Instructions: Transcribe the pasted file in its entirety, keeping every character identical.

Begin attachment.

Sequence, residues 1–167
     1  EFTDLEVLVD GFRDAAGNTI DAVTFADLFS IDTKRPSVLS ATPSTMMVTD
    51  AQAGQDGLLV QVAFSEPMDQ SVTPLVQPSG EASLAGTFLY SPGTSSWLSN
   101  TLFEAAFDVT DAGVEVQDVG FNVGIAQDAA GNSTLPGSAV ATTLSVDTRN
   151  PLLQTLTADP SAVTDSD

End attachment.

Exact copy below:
Sequence, residues 1–167
     1  EFTDLEVLVD GFRDAAGNTI DAVTFADLFS IDTKRPSVLS ATPSTMMVTD
    51  AQAGQDGLLV QVAFSEPMDQ SVTPLVQPSG EASLAGTFLY SPGTSSWLSN
   101  TLFEAAFDVT DAGVEVQDVG FNVGIAQDAA GNSTLPGSAV ATTLSVDTRN
   151  PLLQTLTADP SAVTDSD